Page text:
The methods used in quantum computing, with a view to create results are much too lengthy to fully explain almost everywhere outside their scientific literature and the systems being created also vary, making a broad assessment impossible. Very much in their infancy, there are strides forward being made. From 2000 and Los Alamos’s 7-qubit machine there have been; another 7-qubit machine demonstrated by IBM and Stanford University; the preparation of the first qubit using ion traps in 2005 and most recently a 16-qubit quantum computer that was demonstrated by D-Wave Systems in late 2007. This computer was able to solve Sudoku puzzles and other problems that were demonstrated rather than just being a theoretical concept.

What About….

D-Wave Systems in particular are raring to have a working model of a quantum computer on the market as soon as possible. Their planned system won’t be a fully functional one but will rather be what one quantum algorithm designer calls ‘special purpose noisy piece of hardware’ that could take up the job of running physical simulations that are impossible on conventional silicon technology.

All won’t be roses when quantum computers finally hit the scene. First of all, they require a whole new kind of programming. If you were to program a quantum computer using the algorithms your current computer uses, it would act just like your current computer and process information the same way. But if you use algorithms designed to capitalize on the quantum computer’s full capabilities, amazing things start happening.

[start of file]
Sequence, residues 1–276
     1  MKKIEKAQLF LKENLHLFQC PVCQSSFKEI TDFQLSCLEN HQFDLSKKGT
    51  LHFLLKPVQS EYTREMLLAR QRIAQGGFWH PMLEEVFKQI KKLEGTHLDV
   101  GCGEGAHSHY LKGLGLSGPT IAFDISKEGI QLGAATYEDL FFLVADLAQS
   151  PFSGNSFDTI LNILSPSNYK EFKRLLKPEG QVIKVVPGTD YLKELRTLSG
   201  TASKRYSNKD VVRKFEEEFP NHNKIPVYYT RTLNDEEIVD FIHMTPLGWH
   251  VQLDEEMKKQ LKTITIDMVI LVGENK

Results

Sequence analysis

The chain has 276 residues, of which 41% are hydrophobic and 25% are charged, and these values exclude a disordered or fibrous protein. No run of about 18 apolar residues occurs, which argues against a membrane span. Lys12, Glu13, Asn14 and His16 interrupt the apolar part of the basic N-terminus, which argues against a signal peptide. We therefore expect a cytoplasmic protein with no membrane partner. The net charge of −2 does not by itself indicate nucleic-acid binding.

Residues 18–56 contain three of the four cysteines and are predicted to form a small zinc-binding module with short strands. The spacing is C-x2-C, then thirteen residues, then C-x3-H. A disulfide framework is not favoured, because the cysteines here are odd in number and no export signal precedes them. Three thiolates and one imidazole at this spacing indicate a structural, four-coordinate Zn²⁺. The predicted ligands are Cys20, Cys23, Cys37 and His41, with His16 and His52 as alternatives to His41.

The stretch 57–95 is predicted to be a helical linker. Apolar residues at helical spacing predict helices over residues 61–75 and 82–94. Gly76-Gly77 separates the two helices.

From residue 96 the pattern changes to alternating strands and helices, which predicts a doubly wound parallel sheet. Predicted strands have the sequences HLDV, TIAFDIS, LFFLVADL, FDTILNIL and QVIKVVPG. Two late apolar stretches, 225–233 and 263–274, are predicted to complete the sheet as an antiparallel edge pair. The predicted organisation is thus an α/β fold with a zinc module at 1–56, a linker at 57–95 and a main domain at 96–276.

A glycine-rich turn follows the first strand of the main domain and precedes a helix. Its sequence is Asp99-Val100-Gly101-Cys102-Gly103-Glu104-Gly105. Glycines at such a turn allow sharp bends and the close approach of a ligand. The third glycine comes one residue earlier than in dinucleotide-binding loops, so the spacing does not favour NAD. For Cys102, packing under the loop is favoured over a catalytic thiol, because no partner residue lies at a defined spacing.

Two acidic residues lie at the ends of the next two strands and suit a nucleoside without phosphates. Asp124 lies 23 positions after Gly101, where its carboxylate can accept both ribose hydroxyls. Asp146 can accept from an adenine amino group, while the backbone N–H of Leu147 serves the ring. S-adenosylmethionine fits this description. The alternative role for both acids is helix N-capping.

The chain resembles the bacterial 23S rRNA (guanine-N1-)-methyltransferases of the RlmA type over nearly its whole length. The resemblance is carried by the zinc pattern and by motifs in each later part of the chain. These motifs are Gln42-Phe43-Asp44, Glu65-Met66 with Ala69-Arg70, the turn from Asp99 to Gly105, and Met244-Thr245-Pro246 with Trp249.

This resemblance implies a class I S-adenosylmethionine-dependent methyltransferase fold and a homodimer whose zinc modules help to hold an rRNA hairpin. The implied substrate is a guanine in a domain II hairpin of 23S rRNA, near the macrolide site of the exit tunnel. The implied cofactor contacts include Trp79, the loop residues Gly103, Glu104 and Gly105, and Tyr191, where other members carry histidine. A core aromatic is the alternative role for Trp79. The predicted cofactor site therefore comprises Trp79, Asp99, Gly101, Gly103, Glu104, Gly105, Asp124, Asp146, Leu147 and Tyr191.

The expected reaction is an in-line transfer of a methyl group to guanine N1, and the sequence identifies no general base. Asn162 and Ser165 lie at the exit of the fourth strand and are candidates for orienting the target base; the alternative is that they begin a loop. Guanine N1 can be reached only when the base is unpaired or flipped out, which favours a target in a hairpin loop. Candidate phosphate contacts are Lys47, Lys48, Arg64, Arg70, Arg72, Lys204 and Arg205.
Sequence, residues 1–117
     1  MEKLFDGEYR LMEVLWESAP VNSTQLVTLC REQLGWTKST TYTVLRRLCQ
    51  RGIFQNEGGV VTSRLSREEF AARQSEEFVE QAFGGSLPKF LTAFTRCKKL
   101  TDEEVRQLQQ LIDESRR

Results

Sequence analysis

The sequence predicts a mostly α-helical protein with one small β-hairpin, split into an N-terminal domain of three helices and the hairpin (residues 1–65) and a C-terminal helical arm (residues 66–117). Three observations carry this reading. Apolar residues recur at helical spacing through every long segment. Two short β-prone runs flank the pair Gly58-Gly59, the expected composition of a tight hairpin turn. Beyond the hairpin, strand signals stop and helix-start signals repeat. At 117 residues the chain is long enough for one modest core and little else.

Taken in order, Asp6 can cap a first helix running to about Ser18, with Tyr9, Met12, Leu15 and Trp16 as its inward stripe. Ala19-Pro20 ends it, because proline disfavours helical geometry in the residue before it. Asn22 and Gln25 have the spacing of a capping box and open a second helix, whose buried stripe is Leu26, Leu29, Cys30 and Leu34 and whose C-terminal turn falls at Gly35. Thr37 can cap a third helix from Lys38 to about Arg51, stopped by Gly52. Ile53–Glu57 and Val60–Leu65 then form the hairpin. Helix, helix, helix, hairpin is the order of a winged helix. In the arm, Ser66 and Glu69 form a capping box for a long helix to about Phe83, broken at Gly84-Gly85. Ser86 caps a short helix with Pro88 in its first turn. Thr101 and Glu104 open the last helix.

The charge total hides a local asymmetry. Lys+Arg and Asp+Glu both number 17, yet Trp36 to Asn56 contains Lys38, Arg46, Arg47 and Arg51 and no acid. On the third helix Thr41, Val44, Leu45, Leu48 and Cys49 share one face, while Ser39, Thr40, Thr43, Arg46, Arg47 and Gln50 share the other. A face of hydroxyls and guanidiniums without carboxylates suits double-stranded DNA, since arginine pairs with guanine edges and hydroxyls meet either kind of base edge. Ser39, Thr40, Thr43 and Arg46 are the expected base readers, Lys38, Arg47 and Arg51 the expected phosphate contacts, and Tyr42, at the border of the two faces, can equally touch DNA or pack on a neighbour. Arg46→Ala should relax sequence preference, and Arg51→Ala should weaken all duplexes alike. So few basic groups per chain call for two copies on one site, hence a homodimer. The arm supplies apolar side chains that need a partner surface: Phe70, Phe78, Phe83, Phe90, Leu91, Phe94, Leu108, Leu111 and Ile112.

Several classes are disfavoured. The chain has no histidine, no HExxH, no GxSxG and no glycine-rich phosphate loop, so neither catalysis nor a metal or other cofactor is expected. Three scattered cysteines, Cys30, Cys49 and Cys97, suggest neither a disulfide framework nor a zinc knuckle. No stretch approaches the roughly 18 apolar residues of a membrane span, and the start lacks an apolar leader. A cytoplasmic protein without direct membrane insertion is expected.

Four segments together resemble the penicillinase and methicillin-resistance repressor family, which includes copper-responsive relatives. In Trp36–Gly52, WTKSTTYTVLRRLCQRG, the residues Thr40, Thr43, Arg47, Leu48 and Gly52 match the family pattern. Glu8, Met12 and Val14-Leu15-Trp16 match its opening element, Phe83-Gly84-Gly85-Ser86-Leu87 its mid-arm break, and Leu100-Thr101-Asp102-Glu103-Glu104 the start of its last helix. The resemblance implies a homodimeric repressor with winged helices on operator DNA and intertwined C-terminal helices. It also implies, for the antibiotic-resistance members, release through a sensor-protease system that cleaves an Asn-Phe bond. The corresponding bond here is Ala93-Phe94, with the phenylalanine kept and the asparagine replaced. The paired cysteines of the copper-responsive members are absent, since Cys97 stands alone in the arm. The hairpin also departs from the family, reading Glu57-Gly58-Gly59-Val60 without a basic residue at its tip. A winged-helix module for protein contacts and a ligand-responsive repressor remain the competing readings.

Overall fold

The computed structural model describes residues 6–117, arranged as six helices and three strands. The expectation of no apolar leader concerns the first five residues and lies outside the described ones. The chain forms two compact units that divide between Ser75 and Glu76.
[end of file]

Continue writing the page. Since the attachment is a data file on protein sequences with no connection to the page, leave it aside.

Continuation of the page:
One of those amazing things is pattern recognition and lightning-fast calculation and processing. Scientists at AT&T Bell Labs devised an algorithm for factoring very large numbers. This problem is so difficult that it is the mathematics upon which modern encryption technology is based. Loaded on a computer such as the one you are on now, it would take about until such time as the universe has existed to break a typical encryption. But loaded onto a quantum computer, taking advantage of the ‘both’ nature of qubits, the encryption would be broken in seconds. This means that no digital data would ever be safe, because the infinite computing power to break any kind of encryption code would exist.

Looking forward toward the future of computing quantum computing has the potential to far outstrip anything that a home user could have imagined. Such processing power could even be put to use creating a true life simulation, a form of virtual reality indistinguishable from reality itself.